Posted by: Pat | Nov 16 2005 0:31 utc | 113

@Pat
Taguba did document rape and sodomy in the full report and we are both aware of other events beyond Abu Ghraib, to which I referred.

How you can persist with the 'bad apples' thing is beyond me ... how did the 'packed in ice' man die ? Suffocation whilst being beaten and shackled ... certified as homicide and it wasn't, we both know, done by the MP bad apples nor Navy Seals !

I say again, those in service are often just as much victims ...

Individual soldiers, units, whatever, are honorable and professional and the sentiment of service and duty rightly to be defended ... but the system, command and the executive are beyond the pale.

Posted by: Outraged | Nov 16 2005 0:49 utc | 114

"Taguba did document rape and sodomy in the full report and we are both aware of other events beyond Abu Ghraib, to which I referred."

Yes, he did. WHAT HE DID NOT FIND IS THAT THESE WERE USED AS TECHNIQUES OF INTERROGATION.

Or does that make no difference to you in your tireless work as an investigator and researcher?

You're not doing anyone here any favors, you know, by pushing tabloid-level crap and endlessly repeating assertions that have no basis in fact. You're encouraging the continued marginalization of the anti-war movement.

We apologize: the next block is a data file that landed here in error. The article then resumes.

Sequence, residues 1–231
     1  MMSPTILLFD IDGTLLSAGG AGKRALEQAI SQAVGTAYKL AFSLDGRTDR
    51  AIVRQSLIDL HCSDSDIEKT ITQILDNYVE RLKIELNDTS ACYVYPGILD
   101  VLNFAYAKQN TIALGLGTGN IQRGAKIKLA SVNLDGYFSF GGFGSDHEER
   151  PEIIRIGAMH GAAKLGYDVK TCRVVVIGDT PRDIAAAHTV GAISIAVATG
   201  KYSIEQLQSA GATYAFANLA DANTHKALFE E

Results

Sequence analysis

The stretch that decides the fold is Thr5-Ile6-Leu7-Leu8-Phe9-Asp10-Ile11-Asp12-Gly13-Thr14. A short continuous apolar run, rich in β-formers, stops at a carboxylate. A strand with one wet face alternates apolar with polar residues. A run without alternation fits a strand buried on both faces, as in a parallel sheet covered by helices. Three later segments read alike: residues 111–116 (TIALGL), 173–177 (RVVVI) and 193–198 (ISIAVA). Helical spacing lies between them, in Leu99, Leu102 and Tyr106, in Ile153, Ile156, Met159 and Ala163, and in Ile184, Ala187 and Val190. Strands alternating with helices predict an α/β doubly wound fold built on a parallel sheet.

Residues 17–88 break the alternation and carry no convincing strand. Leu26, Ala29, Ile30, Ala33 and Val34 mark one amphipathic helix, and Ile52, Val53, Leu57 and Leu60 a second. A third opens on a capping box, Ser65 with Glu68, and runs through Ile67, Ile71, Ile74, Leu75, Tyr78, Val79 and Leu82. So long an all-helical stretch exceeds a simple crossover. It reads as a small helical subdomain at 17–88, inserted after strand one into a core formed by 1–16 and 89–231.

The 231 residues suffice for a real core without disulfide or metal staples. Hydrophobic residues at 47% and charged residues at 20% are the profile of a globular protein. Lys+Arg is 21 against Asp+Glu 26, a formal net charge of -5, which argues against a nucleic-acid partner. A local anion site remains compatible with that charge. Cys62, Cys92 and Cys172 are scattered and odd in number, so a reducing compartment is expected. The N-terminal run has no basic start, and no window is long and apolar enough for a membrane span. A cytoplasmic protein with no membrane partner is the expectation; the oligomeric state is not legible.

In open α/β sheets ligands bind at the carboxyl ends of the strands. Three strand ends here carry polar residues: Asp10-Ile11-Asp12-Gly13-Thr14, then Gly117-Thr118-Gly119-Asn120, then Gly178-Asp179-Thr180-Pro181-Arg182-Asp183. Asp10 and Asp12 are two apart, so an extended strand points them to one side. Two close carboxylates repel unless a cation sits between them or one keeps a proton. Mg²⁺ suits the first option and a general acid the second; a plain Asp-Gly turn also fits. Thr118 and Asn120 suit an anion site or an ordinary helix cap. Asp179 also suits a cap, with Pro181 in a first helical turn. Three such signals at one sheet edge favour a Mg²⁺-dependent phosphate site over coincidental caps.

Have at it.

Posted by: Pat | Nov 16 2005 0:58 utc | 115

@outraged

Wake up! How loud must Pat shout this. It's all crap. There were no interrogations. There were no questions asked. All this drowning, suffocating, rape and sodomy stuff was JUST FOR FUN.

Posted by: DM | Nov 16 2005 1:08 utc | 116

@Pat
Why do you take my words out of context and specifically focus exclusively on Taguba ? Semantics ?

And yes, rape/sodomy, suffocation and water-boarding have been publicly corroborated and documented as used in interrogations, just not as you claim I exclusively assert by Abu Ghraib's 'bad apples'. MPs who were 'softening up' their detainees for interrogations ... thanks MG Miller ...

Ever heard of extraordinary renditions ? For what purpose does one process 'ghost detainees' ?

I'm tired and respectfully couldn't be bothered right now, but there's ICRC, HRW, congressional testimony on the public record ... let alone the numerous defense and agency inspector-general investigative reports which keep finding proven evidence of torture and unlawful killing, i.e. homicide, yet consistently can't seem to find anyone actually accountable or responsible, and not just in Iraq.

Why do you consider such open source, independent, and corroborated sources 'tabloid-level crap' ? Non-facts ?

Posted by: Outraged | Nov 16 2005 1:32 utc | 117

"I'm tired"

I bet you are. Can I suggest you stop barking up the wrong fucking trees?

Posted by: Pat | Nov 16 2005 1:44 utc | 118

"AP) Iraqi and U.S. officials disclosed Tuesday that more than 170 malnourished Iraqi detainees had been found in a weekend raid at an Interior Ministry detention center and that some appeared to have been tortured."